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Brain–Computer Interfaces (BCIs) allow a user to control a computer application by brain activity as acquired, e.g., by EEG. One of the biggest challenges in BCI research is to understand and solve the problem of “BCI Illiteracy”, which is that BCI control does not work for a non-negligible portion of users (estimated 15 to 30%). Here, we investigate the illiteracy problem in BCI systems which are based on the modulation of sensorimotor rhythms. In this paper, a sophisticated adaptation scheme is presented which guides the user from an initial subject-independent classifier that operates on simple features to a subject-optimized state-of-the-art classifier within one session while the user interacts the whole time with the same feedback application. While initial runs use supervised adaptation methods for robust co-adaptive learning of user and machine, final runs use unsupervised adaptation and therefore provide an unbiased measure of BCI performance. Using this approach, which does not involve any offline calibration measurement, good performance was obtained by good BCI participants (also one novice) after 3–6 min of adaptation. More importantly, the use of machine learning techniques allowed users who were unable to achieve successful feedback before to gain significant control over the BCI system. In particular, one participant had no peak of the sensory motor idle rhythm in the beginning of the experiment, but could develop such peak during the course of the session (and use voluntary modulation of its amplitude to control the feedback application).
Brain–Computer Interfaces (BCIs) systems aim to provide users control over a computer application by their brain activity (see Dornhege et al. 2007; Kübler et al. 2001; Millán et al. 2004; Pfurtscheller et al. 2005; Wolpaw et al. 2002). In EEG-based BCIs, one of the biggest research challenges is to understand and solve the problem of “BCI Illiteracy”, which is that BCI control does not work for a non-negligible portion of users (estimated 15 to 30%), (c.f. Dickhaus et al. 2009). In a screening study, N = 80 participants performed motor imagery first in a calibration (i.e., without feedback) measurement and then in a feedback measurement in which they could control a 1D cursor application. Coarsely, we observed three categories of users: participants for whom (I) a classifier could be successfully trained and who performed feedback with good accuracy; (II) a classifier could be successfully trained, but feedback did not work well. It is known that there are changes between the calibration and the feedback step that can affect the EEG signals, making the feedback fail. In the study with 80 users, the bias of the classifier was supervisedly updated using the first 20 feedback trials (as in Shenoy et al. 2006), but this strategy revealed not to be sufficient for some of the participants; (III) no classifier with acceptable accuracy could be trained. Whereas participants of Cat. II had obviously difficulties with the transition from offline on online operation, users of Cat. III did not show the expected modulation of sensorimotor rhythms (SMRs): either no SMR idle rhythm was observed over motor areas, or this idle rhythm was not attenuated during motor imagery. Here we present preliminary results of a one-session pilot study in which it was investigated, whether co-adaptive learning using machine-learning techniques could help users of Cat. II and III to achieve successful feedback. Our results show that adaptive machine learning methods successfully helped participants who suffered from the BCI illiteracy problem before, to gain control of the system.
The study consisted of a one-day session that immediately started with BCI feedback using a pre-trained subject-independent classifier, as in Vidaurre et al. (2007). Using supervised and unsupervised techniques, the classifier was adapted to the specific brain signals of the experimental user during the session. Adaptation was performed during three levels. While the feedback application itself stayed the same for the whole experiment, the features on which the classifier operated and the adaptation methods changed from level to level as described below.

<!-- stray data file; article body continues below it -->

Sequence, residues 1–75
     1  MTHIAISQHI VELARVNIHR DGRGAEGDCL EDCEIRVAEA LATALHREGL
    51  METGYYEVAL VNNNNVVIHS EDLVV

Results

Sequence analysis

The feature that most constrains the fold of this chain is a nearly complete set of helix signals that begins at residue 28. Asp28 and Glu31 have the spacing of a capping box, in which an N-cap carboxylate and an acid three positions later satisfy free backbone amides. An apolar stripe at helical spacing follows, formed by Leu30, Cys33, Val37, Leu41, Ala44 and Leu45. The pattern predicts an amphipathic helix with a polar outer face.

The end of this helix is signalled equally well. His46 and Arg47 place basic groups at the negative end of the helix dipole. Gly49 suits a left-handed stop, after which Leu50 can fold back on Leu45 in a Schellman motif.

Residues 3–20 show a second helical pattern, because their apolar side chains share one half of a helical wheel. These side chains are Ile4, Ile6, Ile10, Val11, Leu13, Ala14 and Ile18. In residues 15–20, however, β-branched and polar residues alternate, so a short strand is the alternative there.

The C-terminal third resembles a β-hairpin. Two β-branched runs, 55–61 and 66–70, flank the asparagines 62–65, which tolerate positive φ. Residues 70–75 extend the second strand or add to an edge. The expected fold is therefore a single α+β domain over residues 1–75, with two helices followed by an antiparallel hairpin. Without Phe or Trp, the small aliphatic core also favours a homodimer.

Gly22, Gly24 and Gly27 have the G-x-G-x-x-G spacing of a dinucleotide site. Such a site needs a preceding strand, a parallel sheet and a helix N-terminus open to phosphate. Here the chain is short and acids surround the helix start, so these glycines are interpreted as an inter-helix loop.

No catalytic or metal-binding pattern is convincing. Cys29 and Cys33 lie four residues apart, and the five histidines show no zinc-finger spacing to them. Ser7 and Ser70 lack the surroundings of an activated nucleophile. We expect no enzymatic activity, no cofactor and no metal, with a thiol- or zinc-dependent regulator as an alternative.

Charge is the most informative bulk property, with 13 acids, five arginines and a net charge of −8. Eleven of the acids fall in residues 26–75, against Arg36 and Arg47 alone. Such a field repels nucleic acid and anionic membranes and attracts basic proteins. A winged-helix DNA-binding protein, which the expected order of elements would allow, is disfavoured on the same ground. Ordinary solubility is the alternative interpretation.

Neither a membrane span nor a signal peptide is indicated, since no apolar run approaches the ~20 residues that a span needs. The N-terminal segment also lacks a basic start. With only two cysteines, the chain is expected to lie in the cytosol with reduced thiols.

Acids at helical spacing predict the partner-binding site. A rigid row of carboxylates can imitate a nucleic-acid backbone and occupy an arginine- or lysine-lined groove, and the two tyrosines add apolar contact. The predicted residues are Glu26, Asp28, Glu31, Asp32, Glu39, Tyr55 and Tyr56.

Eleven participants took part in the study. Six of them belonged to Cat. I (for one novice user, no prior data was available, but she turned out to be a Cat. I user), two further participants belonged to Cat. II and three to Cat. III. All users performed 8 feedback runs, each of them consisting of 100 trials (50 trials of each class). The timing of the trials was as follows: at time 0, the cue was provided in the form of a small arrow over a cross placed in the middle of the screen, one second later, the cross started to move to provide feedback. Its speed was determined by the classification output (similar to Blankertz et al. (2007, 2008a)). The task of the participant was to use motor imagery to make the cursor move into a previously indicated target direction. The feedback lasted for 3 s and was followed by a short pause. Two different types of motor imagery, chosen out of three possibilities (motor imagery of left hand, right hand or foot) were selected in advance. For seven users, previous data with motor imagery performance was available which revealed which two motor imagery tasks should be used. For the other four participants (three of Cat. III and one novice) no prior information could be used and they were asked to select two out of the three possible motor imagery tasks. Throughout the whole session, all classifiers were based on Linear Discriminant Analysis (LDA). When advisable due to high dimensionality of features, the estimation of the covariance matrix that is needed for LDA was corrected by shrinkage (Ledoit and Wolf 2004; Vidaurre et al. 2009). In order to define the adaptation schemes for LDA we use a specific variant that is introduced here. For LDA the covariance matrices of both classes are assumed to be equal (assumption of linear separability) and it will be denote by here. Furthermore we denote the means of the two classes by and , an arbitrary feature vector by and define:
where is the difference in the distance of the feature vector to the separating hyperplane, which is described by its normal vector and bias b. Note that the covariance matrices and mean values used in this paper are sample covariance matrices and sample means, estimated from the data. In order to simplify the notation and the description of the methods, we will in the following use covariance matrix instead of sample covariance matrix and mean instead of sample mean. Usually, the covariance matrix used in Eq. 2 is the class-average covariance matrix. But it can be shown that using the pooled covariance matrix (which can be estimated without using label information, just by aggregating the features of all classes) yields the same separating hyperplane. In this study we used the pooled covariance matrix in Eq. 2. Similarly, the class-average mean (calculated in Eq. 4) can be replaced by the pooled mean (average over all feature vectors of all classes). This implies that the bias of the separating hyperplane can be estimated (and adapted) in an unsupervised manner (without label information). The restriction of the method is to have an estimate of the prior probabilities of the 2 classes. If LDA is to be used as a classifier, observation is classified as class 1, if is less than 0, and otherwise as class 2. But in the cursor control application we use the classifier output as real number to determine the speed of the cursor. Finally, we introduce the features and classifiers that have been used in the three levels of the experiment, including three on-line adaptation schemes: the first two are supervised, i.e., they require information about the class label (type of motor imagery task) of the past trial in order to update the classifier. The last method updates the classifier without knowing the task of the past trial (unsupervised adaptation).